No-Fault Divorce in Illinois
In addition to allowing for fault-based divorce, the state of Illinois allows no-fault divorce, based on a couple’s “irreconcilable differences.” A no-fault divorce may be pursued if neither spouse was at fault — there was no cruelty, infidelity, bigamy, abandonment, drug or alcohol abuse, etc.
If you simply do not want to air your dirty laundry in Court, or do not want to go through the stress of a trial and having to prove fault, then a no-fault divorce may be your best option.
To obtain a no-fault divorce in Illinois, a couple must fulfill three requirements:
- Spouses must have lived separate and apart for two continuous years;
- Irreconcilable differences must have caused the irretrievable breakdown of the marriage; and
- Efforts at reconciliation must have failed, or future attempts at reconciliation must not be in the best interests of the family and must be impracticable.
However, a couple does not necessarily have to be separated for the full two years. Instead, the couple may agree, in writing, to shorten the period to six months prior to entry of a divorce judgment. If they cannot agree, they must wait the full two years.
Separate and Apart
To live separately and apart does not necessarily mean that the spouses must have lived in separate houses for the two years. Even if they still live in the same housing, they can also show that they lived as if they were separate. Essentially, they must show that their living situation was more like roommates, sleeping in separate bedrooms, and without engaging in sexual relations. So, if the spouses do not have the money to live separately, or if they want to keep both parents in the house for a child’s sake, they can still satisfy the two-year separation requirement.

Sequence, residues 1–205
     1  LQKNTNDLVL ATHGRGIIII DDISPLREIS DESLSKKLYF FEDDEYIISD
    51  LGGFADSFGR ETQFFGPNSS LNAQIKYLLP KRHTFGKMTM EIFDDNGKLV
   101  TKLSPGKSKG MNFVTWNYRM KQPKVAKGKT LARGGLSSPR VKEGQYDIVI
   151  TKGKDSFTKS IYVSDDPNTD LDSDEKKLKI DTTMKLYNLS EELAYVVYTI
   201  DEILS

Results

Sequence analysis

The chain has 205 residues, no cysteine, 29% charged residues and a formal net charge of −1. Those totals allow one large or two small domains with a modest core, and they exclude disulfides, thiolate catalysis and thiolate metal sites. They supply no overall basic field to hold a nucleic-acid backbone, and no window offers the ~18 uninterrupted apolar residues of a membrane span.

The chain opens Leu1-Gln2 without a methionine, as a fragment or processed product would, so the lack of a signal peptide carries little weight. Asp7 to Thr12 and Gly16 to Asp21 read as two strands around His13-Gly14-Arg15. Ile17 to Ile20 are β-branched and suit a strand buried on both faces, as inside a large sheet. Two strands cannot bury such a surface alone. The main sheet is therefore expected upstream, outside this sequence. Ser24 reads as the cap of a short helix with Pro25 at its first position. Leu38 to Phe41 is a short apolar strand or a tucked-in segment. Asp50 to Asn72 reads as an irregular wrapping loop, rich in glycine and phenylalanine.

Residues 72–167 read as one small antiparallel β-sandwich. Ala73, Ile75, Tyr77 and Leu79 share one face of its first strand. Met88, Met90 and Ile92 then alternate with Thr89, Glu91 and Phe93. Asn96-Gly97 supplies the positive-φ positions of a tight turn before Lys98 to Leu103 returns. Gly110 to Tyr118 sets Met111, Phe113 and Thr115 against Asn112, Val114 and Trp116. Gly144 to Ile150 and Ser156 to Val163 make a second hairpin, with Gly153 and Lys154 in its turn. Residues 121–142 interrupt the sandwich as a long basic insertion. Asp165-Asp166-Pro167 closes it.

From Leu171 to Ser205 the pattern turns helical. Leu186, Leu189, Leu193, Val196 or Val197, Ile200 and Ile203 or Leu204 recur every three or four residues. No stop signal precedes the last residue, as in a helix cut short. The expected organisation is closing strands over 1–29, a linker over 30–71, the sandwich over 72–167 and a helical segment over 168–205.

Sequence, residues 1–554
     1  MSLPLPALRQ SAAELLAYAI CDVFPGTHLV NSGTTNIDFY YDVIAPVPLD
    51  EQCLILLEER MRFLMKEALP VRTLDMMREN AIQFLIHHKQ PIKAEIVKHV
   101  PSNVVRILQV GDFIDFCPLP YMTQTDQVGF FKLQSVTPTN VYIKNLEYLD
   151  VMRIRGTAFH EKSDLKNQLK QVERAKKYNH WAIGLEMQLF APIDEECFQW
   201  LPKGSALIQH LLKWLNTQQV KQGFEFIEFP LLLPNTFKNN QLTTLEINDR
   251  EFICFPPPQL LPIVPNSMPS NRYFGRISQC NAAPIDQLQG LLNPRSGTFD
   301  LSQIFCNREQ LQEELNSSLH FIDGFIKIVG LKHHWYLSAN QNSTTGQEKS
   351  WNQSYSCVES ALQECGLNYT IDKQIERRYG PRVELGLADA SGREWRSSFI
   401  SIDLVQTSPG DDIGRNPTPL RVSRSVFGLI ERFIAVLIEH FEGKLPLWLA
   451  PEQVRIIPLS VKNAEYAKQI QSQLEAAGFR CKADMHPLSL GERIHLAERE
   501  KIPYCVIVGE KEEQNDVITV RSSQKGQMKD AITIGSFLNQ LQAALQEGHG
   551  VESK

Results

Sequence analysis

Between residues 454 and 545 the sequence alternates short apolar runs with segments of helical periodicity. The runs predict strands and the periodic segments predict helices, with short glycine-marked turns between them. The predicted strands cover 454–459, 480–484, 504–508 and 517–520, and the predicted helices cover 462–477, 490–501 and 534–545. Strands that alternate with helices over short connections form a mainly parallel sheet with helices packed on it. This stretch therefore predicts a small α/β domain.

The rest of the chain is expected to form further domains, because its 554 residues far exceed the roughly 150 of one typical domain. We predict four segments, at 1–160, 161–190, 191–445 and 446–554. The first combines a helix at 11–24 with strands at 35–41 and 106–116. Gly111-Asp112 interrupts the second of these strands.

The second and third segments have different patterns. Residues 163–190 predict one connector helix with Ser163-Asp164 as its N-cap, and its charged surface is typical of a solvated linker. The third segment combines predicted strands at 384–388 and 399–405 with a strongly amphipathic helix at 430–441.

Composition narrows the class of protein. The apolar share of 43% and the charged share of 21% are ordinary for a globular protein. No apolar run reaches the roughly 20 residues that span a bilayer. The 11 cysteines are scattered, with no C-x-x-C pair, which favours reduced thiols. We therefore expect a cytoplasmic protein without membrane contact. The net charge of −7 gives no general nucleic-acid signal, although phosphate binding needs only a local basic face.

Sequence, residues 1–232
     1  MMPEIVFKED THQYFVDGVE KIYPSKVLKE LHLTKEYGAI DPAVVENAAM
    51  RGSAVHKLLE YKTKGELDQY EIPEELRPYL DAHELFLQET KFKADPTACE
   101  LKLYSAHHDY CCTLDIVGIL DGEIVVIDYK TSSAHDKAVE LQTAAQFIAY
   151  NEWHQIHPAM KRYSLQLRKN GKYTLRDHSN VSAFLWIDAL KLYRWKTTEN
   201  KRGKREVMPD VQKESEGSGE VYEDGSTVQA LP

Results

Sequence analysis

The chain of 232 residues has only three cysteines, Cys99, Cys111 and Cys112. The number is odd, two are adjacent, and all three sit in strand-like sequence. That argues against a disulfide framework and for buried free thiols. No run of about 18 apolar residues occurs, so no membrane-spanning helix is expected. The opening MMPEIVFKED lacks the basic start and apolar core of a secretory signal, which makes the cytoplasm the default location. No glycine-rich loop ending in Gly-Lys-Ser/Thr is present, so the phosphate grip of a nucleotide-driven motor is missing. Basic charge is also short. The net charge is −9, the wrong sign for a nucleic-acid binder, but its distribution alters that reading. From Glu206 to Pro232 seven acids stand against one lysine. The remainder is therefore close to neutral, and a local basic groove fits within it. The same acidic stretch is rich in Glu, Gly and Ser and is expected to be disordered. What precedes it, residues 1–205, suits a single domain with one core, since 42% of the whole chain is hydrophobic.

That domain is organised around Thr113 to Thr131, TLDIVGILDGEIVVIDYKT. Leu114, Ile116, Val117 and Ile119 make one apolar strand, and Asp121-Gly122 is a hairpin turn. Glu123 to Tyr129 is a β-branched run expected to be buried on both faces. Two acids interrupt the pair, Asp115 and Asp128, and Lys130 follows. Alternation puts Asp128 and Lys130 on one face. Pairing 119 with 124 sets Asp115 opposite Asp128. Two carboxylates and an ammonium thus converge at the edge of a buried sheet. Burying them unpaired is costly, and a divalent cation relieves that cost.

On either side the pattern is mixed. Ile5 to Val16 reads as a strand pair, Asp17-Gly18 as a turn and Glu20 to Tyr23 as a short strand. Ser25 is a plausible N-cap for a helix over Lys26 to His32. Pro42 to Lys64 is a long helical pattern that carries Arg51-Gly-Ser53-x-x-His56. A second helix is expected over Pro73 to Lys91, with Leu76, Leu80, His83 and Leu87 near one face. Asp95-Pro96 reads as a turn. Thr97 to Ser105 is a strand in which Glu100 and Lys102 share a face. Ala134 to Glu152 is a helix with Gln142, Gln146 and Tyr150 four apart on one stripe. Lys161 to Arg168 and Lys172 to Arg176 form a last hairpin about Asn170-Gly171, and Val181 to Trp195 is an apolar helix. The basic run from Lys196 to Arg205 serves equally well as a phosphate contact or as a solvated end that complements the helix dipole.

Courts do not want to deter separated couples from obtaining counseling and reconciling. Therefore, after a couple ceases to cohabit, the two-year separation period still counts if the couple cohabits:
- In a good-faith attempt to reconcile with the help of a counselor, therapist, etc.; or
- Under the written agreement to attempt to reconcile.
Fault vs. No-Fault Divorce
Unlike no-fault divorces, fault divorce does not require a waiting period, and so it may seem more attractive to some couples. However, be aware that in a fault divorce the fault grounds will not generally be considered in the property settlement or in the alimony calculation, although they may be taken into account when determining child custody.
Changes in 2016
The recently-passed Senate Bill 57, which will go into effect on January 1, 2016, makes significant changes to the system of no-fault divorce. Because of this, anyone considering filing for divorce in Illinois should make sure to understand these modifications, and consult a legal professional for help.
If you are considering a divorce, an experienced Palatine family law attorney can help you determine which grounds, whether fault or no-fault, will be best for you. Please contact The Law Office of Nicholas W. Richardson, P.C., in Palatine, to schedule your initial consultation.